Royal Robbins ambassador Mark Gallo takes us on his trek down the Pacific Crest Trail. Check out his first post here.
As I continued down the PCT, the Sierra Nevada greeted Michael and I with a little surprise. Five miles north of Sonora pass, we were welcomed with the first snowfall of the season. This was exciting because at the beginning of the hike in the Cascade Range, we experienced the last snowfall of the season.
It began less than an hour after we arrived at camp; luckily we’d set our tarps up before it began to accumulate. That night I awoke hourly to brush the snow off the top of the tarp and prevent it from sagging on top of me. The work paid off as I woke up dry, toasty, and excited to follow a crisp, untraveled snow path. The path was already trodden by a small herd of early morning does, but not enough to keep my feet out of the snow. My shoes quickly became saturated with water, taking me back to the beginning of the walk in wet, snowy Washington.
In the Sierra Nevada, the PCT joins up with the John Muir Trail, which is typically a hiker highway in the summer months. I walked this section in October, which made it a little colder but brought many benefits. The fall months have drastically reduced traffic, and I had ample camping opportunities at night. Best of all, it allowed me to appreciate the beautiful fall colors. The numerous crystal clear lakes, jagged granite peaks and plush meadows were stunning.
When I walked down the trail into a vibrant aspen grove, I felt blessed to be immersed by such a magnificent organism. A creek flowed through the grove and my senses became inebriated with the sights and sounds of nature. It is simple to sit in such an area and clear the mind of all thought, instead just listening to the sounds – wind blowing through tree tops, rustling water – and feeling the warm sun on your skin.
Not everything that happens along the PCT involves walking. Outside of Ashland, Oregon multiple forest fires had forced trail closures farther south. My companions and I had the option to road walk around the fires or hitchhike and complete the sections in the future. Another option was to scope the local Craigslist, purchase a canoe and attempt to float around the fires! After the above photo was taken, we floated approximately 2 miles before a large rock gashed a hole in the stern of our boat. This was nothing that a quick hitch to town for some fiberglass cloth and epoxy couldn’t fix. The next morning, after some solid curing time, we set out once again, only to make it another 2 miles. The river was simply too shallow, so we headed back to the trail.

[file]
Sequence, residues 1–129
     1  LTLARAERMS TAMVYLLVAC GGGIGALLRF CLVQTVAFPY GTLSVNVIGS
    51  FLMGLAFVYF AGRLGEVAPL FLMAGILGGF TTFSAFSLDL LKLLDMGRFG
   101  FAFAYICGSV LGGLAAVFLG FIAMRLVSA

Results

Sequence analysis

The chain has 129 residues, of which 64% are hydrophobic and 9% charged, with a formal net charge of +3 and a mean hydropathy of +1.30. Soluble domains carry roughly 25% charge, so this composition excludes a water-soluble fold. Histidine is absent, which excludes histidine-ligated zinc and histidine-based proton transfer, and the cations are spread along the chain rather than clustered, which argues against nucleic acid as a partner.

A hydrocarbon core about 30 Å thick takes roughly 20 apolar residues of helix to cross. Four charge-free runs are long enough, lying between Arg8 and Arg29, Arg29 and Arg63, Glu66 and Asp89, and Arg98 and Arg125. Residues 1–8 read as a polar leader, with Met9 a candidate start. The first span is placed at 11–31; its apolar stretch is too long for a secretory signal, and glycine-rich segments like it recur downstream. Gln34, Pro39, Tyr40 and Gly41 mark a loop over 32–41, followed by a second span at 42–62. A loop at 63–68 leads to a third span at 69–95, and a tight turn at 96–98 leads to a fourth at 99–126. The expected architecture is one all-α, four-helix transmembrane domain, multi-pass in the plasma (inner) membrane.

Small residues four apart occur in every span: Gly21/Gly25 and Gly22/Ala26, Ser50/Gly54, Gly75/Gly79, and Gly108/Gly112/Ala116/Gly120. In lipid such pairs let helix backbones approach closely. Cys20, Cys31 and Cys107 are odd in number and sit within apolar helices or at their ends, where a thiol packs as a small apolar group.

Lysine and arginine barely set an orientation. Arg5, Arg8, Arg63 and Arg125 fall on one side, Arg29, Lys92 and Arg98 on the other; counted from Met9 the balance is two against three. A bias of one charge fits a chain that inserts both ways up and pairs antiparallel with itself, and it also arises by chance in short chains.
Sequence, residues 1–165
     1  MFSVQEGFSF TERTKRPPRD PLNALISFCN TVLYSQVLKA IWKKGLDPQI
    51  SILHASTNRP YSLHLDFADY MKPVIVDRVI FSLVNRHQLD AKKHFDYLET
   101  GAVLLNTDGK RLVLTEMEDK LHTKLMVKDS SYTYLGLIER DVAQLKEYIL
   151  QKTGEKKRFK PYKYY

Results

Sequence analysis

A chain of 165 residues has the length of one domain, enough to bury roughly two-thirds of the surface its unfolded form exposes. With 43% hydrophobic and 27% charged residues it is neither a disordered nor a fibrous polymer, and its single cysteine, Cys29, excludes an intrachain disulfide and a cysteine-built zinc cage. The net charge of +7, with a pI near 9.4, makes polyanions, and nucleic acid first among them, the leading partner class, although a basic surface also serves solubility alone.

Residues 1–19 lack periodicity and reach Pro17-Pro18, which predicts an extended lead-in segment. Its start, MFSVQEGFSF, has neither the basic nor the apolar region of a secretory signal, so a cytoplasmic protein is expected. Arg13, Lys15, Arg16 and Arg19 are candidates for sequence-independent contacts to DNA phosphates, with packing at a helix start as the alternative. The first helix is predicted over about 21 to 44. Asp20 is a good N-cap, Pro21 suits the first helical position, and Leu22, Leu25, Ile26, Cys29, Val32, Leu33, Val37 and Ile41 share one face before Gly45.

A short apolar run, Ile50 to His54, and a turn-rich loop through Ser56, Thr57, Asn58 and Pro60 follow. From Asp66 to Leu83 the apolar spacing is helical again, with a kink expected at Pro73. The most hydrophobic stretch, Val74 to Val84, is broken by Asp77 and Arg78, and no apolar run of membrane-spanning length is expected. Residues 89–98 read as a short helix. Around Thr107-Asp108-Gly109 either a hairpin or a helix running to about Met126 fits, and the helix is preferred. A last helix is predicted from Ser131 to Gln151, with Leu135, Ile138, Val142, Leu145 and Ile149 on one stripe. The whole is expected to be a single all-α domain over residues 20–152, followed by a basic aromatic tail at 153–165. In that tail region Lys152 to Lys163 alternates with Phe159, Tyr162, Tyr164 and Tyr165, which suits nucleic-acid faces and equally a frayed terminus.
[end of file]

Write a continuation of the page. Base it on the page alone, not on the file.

I have never felt healthier than while on the PCT. Besides a diet of mostly dehydrated food, bars, and trail mix, the constant walking made my body strong. However, when I stopped moving, all my muscles would seize up. After sitting or lying for an extended period, my feet were not happy to be stood upon.
The desert can be tough on hikers. The lack of water and excess of sand wears many people out quickly. Personally, I loved every moment of the desert. A few of the luxuries included the opportunity to see the sunrise and sunset every day, the ability to walk at night under a full moon, and the chance to observe the stars as they float across the night sky. I was able to look past the rigid vegetation and the drastic temperature variations between night and day and simply enjoy what is.
The views in the desert are simply stellar. There are no large trees to block the sky or the environment surrounding you. When it rains, the smell of the desert emanated, invigorating my every step. As I brushed against the desert sage, it acted like a sweet perfume. It is significantly easier to keep track of the weather as it can see it blowing in from afar. In contrast, the forest gave me the feeling that I was in a green tunnel, and my focus became set on set on smaller things in my immediate surroundings.
I am so thankful for the beautiful people along the trail that kept my morale soaring and a BIG smile on my face! Complete strangers took me in and gave me supplies and food. My friends along the way gave me my trail name, Pearl. I will miss these folks very much!
A huge thanks to all of the following and everyone else who made me smile and kept me dancing all the way to Mexico!
• The Boys at Jive Coulis Productions, Eric Leadbetter
• Barbara in California city
• Mountain Valley Retreat
• Awesome family in Tehachapi whose information I lost
• Ziggy and The Bear
• The Marshall Family
• Grandma & Pop Pop
• Everyone who read the book “Wild” and decided I was starving and gave me food
• All who picked me up off the side of the road with my thumb out
• Water cachers
• Teresa Martinez – CDTC Director
• Royal Robbins – couldn’t have done it without clothes
Last but definitely not least, my beautiful parents. There is absolutely no way I could have hiked the entire PCT without them. Before I left on this journey, I packed up 15 resupply packages ranging from 5-10 days that had to be sent out one after another. I generally knew how much food I needed in each, but not much more than that. My mom was always on it, whether I needed extra brown sugar for my oatmeal, extra water purification tablets, or even a new pair of shoes (went through 3 pairs). I could not be more grateful to my parents. Some people asked what I missed most while on this trail, hands down my answers was my parents.